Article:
Utilities group National Grid said restoration expenses following Hurricane Sandy, excluding those related to the Long Island Power Authority (LIPA), are not expected to exceed 100m pounds.
"I am pleased with the progress we made in the first half of the year: operating our networks safely and reliably and delivering a record level of investment. More recently, our teams in the US responded in a timely, safe and effective way to restore service to our customers and limit disruption caused by 'Superstorm' Sandy," said Steve Holliday, National Grid's Chief Executive.
Having amended its storm restoration procedures in 2011 after two major storms, the group was able meet or exceed its restoration objectives for its upstate New York, Rhode Island and Massachusetts service areas, where the group's teams restored power to around 400,000 customers - virtually all of those affected by the storm - within three days.
Subscribe to MoneyWeek
Subscribe to MoneyWeek today and get your first six magazine issues absolutely FREE
On Long Island, storm damage caused loss of power to more than 1.1m customers served by National Grid on behalf of LIPA with many also affected by severe flooding. Most are now reconnected and much of the work being done has moved on from restoration to reinforcement and rebuilding of the LIPA network.
The group announced underlying pre-tax profit of £1,154m for the six months to the end of September, up 21% from £953m the year before. Statutory profit before tax of £1,285m was up 37% higher than the £941m achieved at the halfway stage last year.
Operating profit on a constant currency basis and excluding major storms and timing issues rose 7% to £1,673m from £1,559m the year before.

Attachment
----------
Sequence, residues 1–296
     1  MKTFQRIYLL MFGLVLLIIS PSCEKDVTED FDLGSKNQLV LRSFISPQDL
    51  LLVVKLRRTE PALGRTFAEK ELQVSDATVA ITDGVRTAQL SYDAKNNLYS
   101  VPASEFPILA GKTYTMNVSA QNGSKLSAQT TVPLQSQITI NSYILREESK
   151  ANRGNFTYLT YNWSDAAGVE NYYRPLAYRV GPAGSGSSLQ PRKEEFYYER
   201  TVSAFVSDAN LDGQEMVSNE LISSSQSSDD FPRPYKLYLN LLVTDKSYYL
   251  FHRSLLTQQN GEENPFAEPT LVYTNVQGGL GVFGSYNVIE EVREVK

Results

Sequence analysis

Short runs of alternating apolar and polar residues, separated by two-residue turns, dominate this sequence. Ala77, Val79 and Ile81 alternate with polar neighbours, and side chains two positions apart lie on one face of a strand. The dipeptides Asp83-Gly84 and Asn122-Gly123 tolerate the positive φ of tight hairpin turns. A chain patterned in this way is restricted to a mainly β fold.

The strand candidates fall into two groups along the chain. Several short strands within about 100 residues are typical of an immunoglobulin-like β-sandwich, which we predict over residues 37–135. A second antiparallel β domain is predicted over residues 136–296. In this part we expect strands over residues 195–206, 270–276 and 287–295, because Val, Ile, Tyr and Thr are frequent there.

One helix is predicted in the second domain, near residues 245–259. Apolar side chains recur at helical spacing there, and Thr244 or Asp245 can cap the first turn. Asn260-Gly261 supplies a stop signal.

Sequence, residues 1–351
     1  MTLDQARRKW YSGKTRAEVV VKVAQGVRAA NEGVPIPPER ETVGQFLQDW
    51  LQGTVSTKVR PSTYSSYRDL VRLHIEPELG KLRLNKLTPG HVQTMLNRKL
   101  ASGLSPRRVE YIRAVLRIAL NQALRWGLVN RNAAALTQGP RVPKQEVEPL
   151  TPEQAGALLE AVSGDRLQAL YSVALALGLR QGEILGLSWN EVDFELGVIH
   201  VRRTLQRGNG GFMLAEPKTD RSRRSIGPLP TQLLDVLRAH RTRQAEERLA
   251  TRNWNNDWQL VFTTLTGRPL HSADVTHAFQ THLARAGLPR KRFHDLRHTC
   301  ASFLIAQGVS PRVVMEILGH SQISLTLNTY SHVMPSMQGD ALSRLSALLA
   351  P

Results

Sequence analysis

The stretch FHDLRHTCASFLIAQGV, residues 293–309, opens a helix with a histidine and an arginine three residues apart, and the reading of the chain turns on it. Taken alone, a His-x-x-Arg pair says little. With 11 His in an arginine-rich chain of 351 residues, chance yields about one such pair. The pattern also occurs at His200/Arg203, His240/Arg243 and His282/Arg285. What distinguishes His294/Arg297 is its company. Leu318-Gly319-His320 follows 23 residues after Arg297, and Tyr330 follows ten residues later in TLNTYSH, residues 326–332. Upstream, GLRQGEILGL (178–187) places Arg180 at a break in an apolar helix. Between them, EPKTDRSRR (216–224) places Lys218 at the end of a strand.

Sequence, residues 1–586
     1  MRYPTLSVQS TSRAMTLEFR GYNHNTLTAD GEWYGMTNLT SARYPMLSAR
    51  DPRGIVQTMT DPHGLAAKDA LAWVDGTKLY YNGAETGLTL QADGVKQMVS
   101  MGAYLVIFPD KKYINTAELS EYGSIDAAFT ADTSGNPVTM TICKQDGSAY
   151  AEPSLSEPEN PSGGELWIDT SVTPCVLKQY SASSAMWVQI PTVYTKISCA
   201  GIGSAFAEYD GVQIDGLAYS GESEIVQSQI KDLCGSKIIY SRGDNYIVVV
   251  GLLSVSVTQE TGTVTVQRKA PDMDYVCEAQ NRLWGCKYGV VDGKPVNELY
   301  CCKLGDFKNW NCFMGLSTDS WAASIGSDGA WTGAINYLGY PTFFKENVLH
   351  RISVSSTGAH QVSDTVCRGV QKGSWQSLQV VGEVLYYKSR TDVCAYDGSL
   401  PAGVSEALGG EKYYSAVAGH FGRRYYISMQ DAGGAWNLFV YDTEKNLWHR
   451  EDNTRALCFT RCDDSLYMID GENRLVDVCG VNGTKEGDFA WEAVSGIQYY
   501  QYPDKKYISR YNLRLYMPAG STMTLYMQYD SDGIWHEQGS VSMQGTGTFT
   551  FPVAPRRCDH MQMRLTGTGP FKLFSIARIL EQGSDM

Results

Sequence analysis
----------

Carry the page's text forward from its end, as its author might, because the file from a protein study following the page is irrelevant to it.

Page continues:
Underlying earnings per share (EPS) rose 20% to 23.0p from 19.2p the year before while statutory EPS jumped 32% to 28.8p from 21.9p.
Holliday said the first half performance reflects increased net regulated revenues driven by National Grid's growing asset base and tight control over operating cost growth.
Increased investment in both the UK and US operations is in line with previous guidance, with the group ploughing £1,825m into the business in the reporting period, £346m more than it did in the corresponding period of 2011.
"In the UK, as we work through the final stages of Ofgem's RIIO [price control review] process, our focus is on successfully implementing a number of RIIO readiness initiatives, led by the ongoing development of our new UK operating model. In the US, our priority remains to improve overall returns through improved customer service and efficiency, combined with securing appropriate rate case outcomes in key jurisdictions," Holliday said.
The interim dividend has been increased to 14.49p, in line with the group's policy of targeting 4% dividend growth in the current financial year. The group is set to announce a new dividend policy for the period from April 2013 by May of next year, once the outcomes of key regulatory developments are a bit clearer.
In the doghouse: hundreds of investment funds are underperforming - is it time to sell?
News The latest Spot The Dog research from Bestinvest reveals 151 funds are failing to beat their benchmark. We reveal the worst performers
By Marc Shoffman Published
Nationwide: House prices creep up for the first time in over a year
Nationwide’s latest house price index reveals property prices are finally rising. Will this pattern continue in 2024?
By Vaishali Varu Published